Putin is plotting to ‘crush Ukraine’ to steal the country’s vast energy reserves | World | New

Such a move would allow Moscow – which already controls Ukraine’s grain exports – to dominate much of the country’s vast energy reserves as well. Peace talks to end the three-month war remain stalled, despite mounting pressure from some western corners.

Although Ukraine’s untapped gas was not the primary motive for the February 24 invasion, denying it to Ukraine is an important part of “Putin’s all-out economic war with Ukraine.”

Ukraine has a potential 5.4 trillion cubic meters of untapped natural gas reserves – even the confirmed reserves of 1.9 tcm are the second largest in Europe after Norway.

Most of it is east of the Dnipro River, with slices in Kharkiv and Poltava oblasts, as well as the Black Sea and Azov regions, including Crimea.

“Peace talks are dead, neither side can risk giving the impression that they are not interested in a diplomatic resolution, nor give the other what they are asking for political reasons” , said Professor Mark Galeotti of the Council on Geostrategy think tank.

“In the meantime, Russia is pursuing an all-out economic war. They seek to crush Ukraine.

“Look at the Black Sea blockade – Russia didn’t start the war to steal Ukraine’s wheat, but they would rather take it than allow the Ukrainians to market it.”

One of President Volodymr Zelensky’s main promises in 2019 was to “clean up” Ukraine’s corrupt energy sector and bring the country to energy self-sufficiency by increasing production of natural gas, biogas, hydrogen and biomethane – eliminating dependence on Russian imports.

As a net exporter, it would somehow replace Russia as a gas supplier to the EU, which is expected to import around 90% of its gas needs by 2030.

Lacking the financial capital and technical expertise to extract fossil fuels, Ukraine was beginning to turn to Western oil companies.

The Russian invasions put an end to it.

All of this risks accelerating the prospect that the West will tire of bailing out Ukraine, Professor Galeotti warned.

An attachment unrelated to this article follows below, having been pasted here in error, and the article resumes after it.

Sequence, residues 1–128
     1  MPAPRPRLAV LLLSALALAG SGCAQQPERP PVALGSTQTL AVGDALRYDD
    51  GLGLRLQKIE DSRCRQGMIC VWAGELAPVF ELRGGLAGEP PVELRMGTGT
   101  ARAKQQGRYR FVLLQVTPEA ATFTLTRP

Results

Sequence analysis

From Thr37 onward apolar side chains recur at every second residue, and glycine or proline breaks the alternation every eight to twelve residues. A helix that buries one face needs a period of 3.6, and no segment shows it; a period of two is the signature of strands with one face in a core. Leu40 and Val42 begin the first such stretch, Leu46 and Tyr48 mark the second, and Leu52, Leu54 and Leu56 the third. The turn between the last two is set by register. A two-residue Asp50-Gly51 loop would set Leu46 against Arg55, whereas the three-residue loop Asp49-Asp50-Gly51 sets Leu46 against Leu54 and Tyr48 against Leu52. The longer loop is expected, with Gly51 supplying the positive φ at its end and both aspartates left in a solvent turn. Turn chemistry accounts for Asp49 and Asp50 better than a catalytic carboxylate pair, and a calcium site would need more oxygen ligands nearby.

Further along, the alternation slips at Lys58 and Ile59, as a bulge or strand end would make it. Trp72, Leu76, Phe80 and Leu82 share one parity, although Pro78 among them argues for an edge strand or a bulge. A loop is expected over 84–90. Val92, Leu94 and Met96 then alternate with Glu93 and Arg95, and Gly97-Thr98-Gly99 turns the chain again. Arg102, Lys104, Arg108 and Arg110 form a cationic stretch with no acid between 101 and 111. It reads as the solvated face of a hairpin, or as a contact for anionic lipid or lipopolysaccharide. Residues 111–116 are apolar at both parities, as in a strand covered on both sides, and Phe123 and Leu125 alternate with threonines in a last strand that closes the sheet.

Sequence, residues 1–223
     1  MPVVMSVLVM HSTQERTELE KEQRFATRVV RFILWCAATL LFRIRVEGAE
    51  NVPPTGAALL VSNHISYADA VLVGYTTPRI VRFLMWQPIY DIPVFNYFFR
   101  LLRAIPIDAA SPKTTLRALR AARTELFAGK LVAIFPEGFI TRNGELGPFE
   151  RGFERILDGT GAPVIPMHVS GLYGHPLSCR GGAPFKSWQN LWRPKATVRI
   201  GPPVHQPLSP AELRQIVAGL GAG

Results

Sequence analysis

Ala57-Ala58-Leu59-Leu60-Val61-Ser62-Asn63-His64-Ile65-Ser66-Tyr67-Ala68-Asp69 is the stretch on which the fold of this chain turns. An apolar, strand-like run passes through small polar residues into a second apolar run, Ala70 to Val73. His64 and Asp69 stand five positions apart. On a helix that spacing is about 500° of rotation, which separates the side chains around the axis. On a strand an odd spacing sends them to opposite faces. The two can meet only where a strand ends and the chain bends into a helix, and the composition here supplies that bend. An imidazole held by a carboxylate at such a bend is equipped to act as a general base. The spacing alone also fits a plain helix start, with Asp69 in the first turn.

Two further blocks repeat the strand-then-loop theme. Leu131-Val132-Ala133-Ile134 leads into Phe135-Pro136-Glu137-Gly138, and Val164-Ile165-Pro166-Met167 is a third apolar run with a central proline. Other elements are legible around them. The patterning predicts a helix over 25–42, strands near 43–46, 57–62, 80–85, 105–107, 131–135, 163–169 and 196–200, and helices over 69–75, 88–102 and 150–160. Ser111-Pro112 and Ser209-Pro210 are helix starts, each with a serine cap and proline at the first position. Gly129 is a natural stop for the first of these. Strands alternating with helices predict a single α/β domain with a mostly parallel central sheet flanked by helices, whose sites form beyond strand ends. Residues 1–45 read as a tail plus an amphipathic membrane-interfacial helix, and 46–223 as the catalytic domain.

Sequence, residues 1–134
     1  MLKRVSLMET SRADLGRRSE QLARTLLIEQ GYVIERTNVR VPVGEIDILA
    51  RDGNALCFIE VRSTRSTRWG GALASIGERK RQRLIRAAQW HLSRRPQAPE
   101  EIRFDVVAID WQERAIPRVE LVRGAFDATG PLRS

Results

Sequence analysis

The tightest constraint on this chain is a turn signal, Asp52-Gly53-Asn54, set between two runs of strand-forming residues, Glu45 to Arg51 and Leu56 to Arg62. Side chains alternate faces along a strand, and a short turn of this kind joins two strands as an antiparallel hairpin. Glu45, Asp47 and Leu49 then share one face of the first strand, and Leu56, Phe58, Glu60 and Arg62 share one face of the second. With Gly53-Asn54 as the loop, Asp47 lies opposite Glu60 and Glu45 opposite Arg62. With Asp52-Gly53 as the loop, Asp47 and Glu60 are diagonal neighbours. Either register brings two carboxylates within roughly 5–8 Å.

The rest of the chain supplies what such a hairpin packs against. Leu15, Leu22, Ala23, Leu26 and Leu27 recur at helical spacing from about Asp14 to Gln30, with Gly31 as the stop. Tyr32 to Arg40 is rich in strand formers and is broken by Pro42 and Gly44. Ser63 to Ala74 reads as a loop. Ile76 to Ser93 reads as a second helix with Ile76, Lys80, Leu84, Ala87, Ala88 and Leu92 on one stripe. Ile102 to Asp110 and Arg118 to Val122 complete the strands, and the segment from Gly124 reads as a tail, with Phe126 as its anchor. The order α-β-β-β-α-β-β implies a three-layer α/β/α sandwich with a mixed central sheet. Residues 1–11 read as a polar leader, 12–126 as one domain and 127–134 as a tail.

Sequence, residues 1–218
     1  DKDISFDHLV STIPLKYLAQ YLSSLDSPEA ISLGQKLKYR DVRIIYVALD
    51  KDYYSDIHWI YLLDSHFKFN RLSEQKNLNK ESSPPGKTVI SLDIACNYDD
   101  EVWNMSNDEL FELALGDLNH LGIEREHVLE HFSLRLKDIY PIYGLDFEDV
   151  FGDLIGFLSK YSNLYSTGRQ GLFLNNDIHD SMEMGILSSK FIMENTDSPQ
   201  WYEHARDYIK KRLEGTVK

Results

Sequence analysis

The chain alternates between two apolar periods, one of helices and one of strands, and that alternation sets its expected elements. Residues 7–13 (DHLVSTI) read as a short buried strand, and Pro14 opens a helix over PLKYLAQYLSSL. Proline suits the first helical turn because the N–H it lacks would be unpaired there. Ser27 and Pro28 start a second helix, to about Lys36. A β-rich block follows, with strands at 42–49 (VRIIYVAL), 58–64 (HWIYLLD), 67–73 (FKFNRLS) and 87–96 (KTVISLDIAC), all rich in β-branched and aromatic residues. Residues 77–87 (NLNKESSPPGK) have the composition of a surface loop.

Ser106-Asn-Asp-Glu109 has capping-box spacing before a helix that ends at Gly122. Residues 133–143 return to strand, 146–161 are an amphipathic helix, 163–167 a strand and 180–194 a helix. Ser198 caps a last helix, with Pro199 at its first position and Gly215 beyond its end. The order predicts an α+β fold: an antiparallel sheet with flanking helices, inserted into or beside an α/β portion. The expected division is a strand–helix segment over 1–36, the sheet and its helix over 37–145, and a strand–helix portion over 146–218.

“Russia knows that the more perilous Ukraine’s economic position becomes, the more it must demand and depend on Western financial assistance.

“If you can raise the price for the West, that’s a big plus.”

Rifts have already emerged between frontline EU member states in Eastern Europe and the Baltic, and Western industrial giants Germany, France and Italy.

Foreign Secretary Liz Truss was forced last week to urge her allies not to ease off the accelerator now by appeasing Russian aggression.

His comments, in Bosnia and Herzegovina, followed a high-profile intervention by former US Secretary of Defense Henry Kissinger, who became the latest public figure to warn of Russia’s marginalization, calling on the Ukraine to accept its territorial losses from the 2014 war in order to end hostilities.

In France, President Emmanuel Macron is continuing talks with Putin, with French diplomats privately declaring growing impatience with the scale of the economic sacrifices – particularly on energy sanctions and the refugee issue.

Italian energy conglomerate ENI has become the first in Europe to formally enter into a ruble deal for Russian gas.

And, while it will ban oil imports, Germany has followed Italy’s lead with gas, using EU guidelines to avoid breaking sanction rules.

Last week, German Chancellor Olaf Scholz was accused by Polish Prime Minister Andrzej Duda of breaking his promise to send modern tanks to replace those Poland had donated to Ukraine.

“We had a promise. We hear that Germany is not willing to fulfill it,” Duda said.

This malaise could affect Ukraine’s post-war reconstruction, the cost of which is estimated at one trillion pounds.

Although the US recently approved a £40bn package, half of that will go to military equipment.

And recent calls by the Baltic states to use £300bn of frozen Russian assets are seen as legally unworkable.

“The only way forward is a second Marshall Plan, but that partly depends on the nature of any settlement. If the conflict freezes now, what will prevent it from erupting again? Investors will be tired,” said Ed Johnson of strategic risk group Sibylline.

“Putin is banking on the West being distracted or bored by Ukraine, or economically unwilling to help.

“And political fatigue is a real risk. Billions have been spent fighting the Covid pandemic, and that kind of spending is not sustainable.”

He added: “In the meantime, entire factories are being sent back to Russia and retooled and advanced agricultural equipment is being stolen – all to leave an economic black hole.

“If things don’t change, Ukraine’s prime agricultural land will disappear, as will access to ports and energy reserves.”

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